Schedule jobs with cron
The cron program in Linux is used to perform tasks at regular intervals. It is usually used for system maintenance tasks, such as log rotation or deletition of unnecessary files from the /tmp directory. The cron program wakes up every minute, checks its configuration files and executes commands specified in the configuration files if the time is right.
Commands executed by cron are known as cron jobs. Two types of cron jobs exist:
- system cron jobs – tasks run as root, usually used for system maintenance tasks.
- user cron jobs – tasks created by users to run their programs.
Creating system cron jobs
To create system cron jobs, you need to modify the /etc/crontab file. It is a simple text file with a list of commands that need to be executed at certain times:
Consider the following line from the output above:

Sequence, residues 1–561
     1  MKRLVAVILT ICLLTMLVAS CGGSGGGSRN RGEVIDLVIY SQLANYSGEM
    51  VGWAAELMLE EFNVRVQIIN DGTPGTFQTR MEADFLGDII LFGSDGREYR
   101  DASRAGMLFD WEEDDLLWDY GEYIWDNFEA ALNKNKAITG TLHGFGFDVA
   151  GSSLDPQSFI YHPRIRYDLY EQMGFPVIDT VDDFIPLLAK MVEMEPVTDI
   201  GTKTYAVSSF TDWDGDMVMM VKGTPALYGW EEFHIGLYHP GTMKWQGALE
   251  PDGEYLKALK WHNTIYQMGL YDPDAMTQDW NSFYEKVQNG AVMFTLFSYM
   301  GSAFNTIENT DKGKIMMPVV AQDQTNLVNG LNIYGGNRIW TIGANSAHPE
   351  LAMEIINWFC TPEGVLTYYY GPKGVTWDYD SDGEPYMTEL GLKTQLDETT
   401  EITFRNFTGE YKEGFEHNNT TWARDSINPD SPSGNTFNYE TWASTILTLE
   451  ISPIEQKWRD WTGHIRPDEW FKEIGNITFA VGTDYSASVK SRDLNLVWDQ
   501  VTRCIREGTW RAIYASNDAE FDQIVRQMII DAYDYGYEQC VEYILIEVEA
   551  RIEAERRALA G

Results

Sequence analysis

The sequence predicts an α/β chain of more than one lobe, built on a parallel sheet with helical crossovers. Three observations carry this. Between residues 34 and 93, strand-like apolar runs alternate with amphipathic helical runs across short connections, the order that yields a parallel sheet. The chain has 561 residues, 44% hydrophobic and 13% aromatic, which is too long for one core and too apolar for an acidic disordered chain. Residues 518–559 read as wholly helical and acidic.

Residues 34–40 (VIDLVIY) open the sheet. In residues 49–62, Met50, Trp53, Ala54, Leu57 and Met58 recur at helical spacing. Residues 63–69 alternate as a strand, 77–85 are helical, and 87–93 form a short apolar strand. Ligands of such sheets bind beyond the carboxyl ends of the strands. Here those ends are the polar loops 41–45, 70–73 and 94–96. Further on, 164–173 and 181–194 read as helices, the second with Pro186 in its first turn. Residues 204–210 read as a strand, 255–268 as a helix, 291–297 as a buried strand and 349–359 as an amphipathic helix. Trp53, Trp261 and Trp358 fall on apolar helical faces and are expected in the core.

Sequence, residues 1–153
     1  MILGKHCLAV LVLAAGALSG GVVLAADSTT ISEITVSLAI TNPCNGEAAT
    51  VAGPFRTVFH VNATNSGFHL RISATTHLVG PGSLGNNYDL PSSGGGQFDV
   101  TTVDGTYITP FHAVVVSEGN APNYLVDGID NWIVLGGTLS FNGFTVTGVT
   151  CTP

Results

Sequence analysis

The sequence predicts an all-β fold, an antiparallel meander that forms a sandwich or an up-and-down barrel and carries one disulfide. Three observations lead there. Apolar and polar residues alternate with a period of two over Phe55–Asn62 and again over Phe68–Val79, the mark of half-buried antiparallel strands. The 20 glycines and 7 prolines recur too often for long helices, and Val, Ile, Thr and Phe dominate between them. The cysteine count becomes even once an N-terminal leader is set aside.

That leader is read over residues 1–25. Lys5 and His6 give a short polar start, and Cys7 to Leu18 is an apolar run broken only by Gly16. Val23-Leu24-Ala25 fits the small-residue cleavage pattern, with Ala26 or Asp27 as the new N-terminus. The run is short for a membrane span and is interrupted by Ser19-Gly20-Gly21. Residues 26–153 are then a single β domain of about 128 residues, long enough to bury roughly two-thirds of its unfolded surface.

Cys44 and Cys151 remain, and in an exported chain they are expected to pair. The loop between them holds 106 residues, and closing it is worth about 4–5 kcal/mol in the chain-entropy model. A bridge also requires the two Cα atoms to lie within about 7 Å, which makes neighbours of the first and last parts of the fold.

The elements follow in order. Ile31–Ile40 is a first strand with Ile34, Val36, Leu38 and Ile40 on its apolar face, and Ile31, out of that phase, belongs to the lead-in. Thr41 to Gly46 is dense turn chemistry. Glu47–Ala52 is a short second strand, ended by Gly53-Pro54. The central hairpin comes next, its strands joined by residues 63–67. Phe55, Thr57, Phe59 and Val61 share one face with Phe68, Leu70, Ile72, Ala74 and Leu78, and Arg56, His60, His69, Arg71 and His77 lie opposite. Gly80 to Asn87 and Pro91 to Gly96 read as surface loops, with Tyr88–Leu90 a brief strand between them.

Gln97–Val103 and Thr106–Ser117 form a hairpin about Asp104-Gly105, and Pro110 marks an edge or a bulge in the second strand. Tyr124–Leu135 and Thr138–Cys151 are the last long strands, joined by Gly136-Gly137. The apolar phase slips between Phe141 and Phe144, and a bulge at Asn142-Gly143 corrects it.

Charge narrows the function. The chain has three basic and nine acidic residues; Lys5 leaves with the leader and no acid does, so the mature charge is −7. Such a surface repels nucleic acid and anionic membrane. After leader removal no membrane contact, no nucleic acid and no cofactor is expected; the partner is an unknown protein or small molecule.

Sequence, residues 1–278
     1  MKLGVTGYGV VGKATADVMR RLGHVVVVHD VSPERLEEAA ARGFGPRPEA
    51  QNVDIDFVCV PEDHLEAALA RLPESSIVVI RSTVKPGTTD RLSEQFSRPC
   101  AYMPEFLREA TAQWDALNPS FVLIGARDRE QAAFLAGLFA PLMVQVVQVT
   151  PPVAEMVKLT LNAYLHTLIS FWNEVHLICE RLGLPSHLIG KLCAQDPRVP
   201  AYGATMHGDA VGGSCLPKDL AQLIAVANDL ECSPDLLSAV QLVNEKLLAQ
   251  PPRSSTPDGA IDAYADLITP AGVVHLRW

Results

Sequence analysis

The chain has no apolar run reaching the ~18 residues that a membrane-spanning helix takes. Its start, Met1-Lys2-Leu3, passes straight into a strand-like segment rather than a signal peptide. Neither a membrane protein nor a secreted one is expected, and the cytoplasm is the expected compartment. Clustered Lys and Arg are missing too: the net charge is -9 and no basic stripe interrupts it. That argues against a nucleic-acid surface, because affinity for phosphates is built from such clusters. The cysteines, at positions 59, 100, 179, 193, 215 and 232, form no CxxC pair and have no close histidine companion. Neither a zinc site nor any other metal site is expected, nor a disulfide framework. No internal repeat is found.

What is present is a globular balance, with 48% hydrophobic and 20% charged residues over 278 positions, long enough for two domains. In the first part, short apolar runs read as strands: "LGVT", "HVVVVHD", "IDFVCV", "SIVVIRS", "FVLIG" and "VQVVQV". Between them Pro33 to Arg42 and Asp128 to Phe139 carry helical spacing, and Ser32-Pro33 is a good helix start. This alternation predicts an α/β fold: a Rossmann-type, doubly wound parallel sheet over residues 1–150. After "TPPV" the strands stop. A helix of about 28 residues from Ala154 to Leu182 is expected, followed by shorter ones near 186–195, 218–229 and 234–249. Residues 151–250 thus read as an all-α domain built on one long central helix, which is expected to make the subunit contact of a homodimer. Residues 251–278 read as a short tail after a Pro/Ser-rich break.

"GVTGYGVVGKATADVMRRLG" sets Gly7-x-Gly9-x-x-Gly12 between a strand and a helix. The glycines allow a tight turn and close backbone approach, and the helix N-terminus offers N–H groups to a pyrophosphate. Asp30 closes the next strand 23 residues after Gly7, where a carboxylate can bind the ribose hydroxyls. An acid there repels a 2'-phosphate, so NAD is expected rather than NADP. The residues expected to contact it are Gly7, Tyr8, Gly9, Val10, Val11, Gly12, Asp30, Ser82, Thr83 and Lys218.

00 21 * * * root rm /home/bob/trash/*
A line in a crontab file consist of sections separated by spaces. The syntax of a cron job is:
- first field – minute(s) (possible values: 0-59)
- second field – the hour (0-23)
- third field – the day of the month (1-31)
- fourth field – the month (1-12)
- fifth field – the day of the week (0-7, both 0 and 7 can be used for Sunday)
- sixth field – the account that will be used to execute the command
- seventh field – the command that will be executed
Note that the asteriks (*) character matches all possible values. Commas separate items of a list (e.g. 0,3,5 matches any of these values). Hyphens (-) define a range (e.g. 8-15 in the hour field specifies the time from 8:00 to 15:00).
In our example the command rm /home/bob/trash/* will be run by root at 21:00 every day of the week, every month.